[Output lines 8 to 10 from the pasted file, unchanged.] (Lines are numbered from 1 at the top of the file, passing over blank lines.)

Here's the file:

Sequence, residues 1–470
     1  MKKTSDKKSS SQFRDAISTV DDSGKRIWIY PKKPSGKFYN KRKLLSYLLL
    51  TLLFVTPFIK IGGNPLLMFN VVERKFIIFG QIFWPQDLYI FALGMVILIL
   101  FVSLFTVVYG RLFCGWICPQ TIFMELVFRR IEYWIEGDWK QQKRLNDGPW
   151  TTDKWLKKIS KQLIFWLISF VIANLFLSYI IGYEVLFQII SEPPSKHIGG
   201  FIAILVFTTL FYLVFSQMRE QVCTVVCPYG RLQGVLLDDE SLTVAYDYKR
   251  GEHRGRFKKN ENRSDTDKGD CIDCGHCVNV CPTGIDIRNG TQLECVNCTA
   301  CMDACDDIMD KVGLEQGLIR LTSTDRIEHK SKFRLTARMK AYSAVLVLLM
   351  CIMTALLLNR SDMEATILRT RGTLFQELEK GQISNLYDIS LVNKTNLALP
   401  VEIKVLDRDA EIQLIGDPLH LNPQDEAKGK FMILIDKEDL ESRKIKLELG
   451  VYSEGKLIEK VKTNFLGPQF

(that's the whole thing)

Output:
   301  CMDACDDIMD KVGLEQGLIR LTSTDRIEHK SKFRLTARMK AYSAVLVLLM
   351  CIMTALLLNR SDMEATILRT RGTLFQELEK GQISNLYDIS LVNKTNLALP
   401  VEIKVLDRDA EIQLIGDPLH LNPQDEAKGK FMILIDKEDL ESRKIKLELG